The condition that every element of one is a bound for the other does not imply that every bound for the one is an element of the other.
     
  17. QuarkHead Remedial Math Student Valued Senior Member

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    1,555
    Do you not understand the process of "proof by contradiction"?
     
  18. iceaura Valued Senior Member

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    Each appearance of the word "therefore", in your proof, is an error.
     
  19. QuarkHead Remedial Math Student Valued Senior Member

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    1,555
    As I said earlier, you do not understand proof by contradiction. My "therefores" where part of the assumption I proved wrong. That is how this sort of proof works.
     
  20. someguy1 Registered Senior Member

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    Like \(L = \mathbb Q\) and \(U = \mathbb R \setminus \mathbb Q\)? Perhaps you left out a vital assumption.


    Surely false with the example I just gave. Methinks you forgot to say:

    ... And every element of \(L\) is strictly less than every element of \(R\). Right? That's the part you left out.

    So, let \(L = (-\infty, 0]\) and \(R = (0, +\infty)\). That satisfies your hypotheses, including the one you forgot to mention.

    True.


    \(0\) is indeed the greatest element in \(L\), but it's not in \(U\).

    No, there is no least element in \(L\). You're wrong here.

    It's your "proof" that fails, since even AFTER stating the assumption you failed to mention, the most obvious example falsifies it.

    Perhaps you forgot to mention that the sets are assumed to be open, in which case you could work out a proof (but definitely not this one) that the reals are connected. Not "continuous," which has no meaning in this context.

    @QH, How many unstated assumptions are the readers supposed to supply? Even after assuming all your missing assumptions, the proof's still wrong. That is, if the readers figure out that (1) everything in L is less than everything in R; and (2) L and R are open sets; then you STILL haven't given a proof that the reals are connected.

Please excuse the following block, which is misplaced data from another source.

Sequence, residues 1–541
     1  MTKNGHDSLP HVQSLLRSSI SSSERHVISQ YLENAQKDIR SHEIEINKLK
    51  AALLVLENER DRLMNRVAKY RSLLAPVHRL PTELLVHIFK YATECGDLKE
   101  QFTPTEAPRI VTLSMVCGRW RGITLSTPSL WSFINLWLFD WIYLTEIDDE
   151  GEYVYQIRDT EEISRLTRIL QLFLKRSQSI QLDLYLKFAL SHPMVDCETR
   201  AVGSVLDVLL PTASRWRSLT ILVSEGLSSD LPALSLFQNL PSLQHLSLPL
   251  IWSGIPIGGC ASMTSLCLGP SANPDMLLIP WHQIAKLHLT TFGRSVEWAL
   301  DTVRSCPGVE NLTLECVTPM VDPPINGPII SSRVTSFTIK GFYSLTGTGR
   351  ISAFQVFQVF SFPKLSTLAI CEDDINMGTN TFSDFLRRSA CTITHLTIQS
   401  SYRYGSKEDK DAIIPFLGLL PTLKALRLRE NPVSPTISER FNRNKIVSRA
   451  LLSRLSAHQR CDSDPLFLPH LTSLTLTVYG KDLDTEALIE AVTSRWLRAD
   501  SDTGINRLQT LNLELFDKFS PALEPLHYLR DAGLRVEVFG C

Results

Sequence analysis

21. iceaura Valued Senior Member

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    They are mistakes in deduction.
     
    Last edited: Aug 23, 2018
  22. QuarkHead Remedial Math Student Valued Senior Member

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    1,555
    I challenge you to find where I ever claimed that


    Then you are being disingenuous. I made 2 assumptions - that not many here have a grounding in topology, and that nonetheless they would be happy with the intuitive notion that the Real Line is simply all the Real numbers arranged in the usual order as some sort of "line".

    The "partition" I described, as you will know very well, is called a Dedekind Cut
     
  23. iceaura Valued Senior Member

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    26,906
    Someguy mentioned a problem with your description, I mentioned a problem with your reasoning, here's a closer look:
    Let's accept that under advisement, despite someguy's correct objection (it's intuitively ok, once past the linguistic hitch of bounded elements)
    1} is false as it stands - there are many such sets LL that have no greatest element.
    2} is false - every element of UU is an upper bound of L, and UU has no greatest element - and does not make sense in your argument, where you seem to need a least upper bound for LL.
    3} is false as it stands, since many sets LL as described (the ones that have a greatest element) do contain their {least} upper bound - it isn't in UU.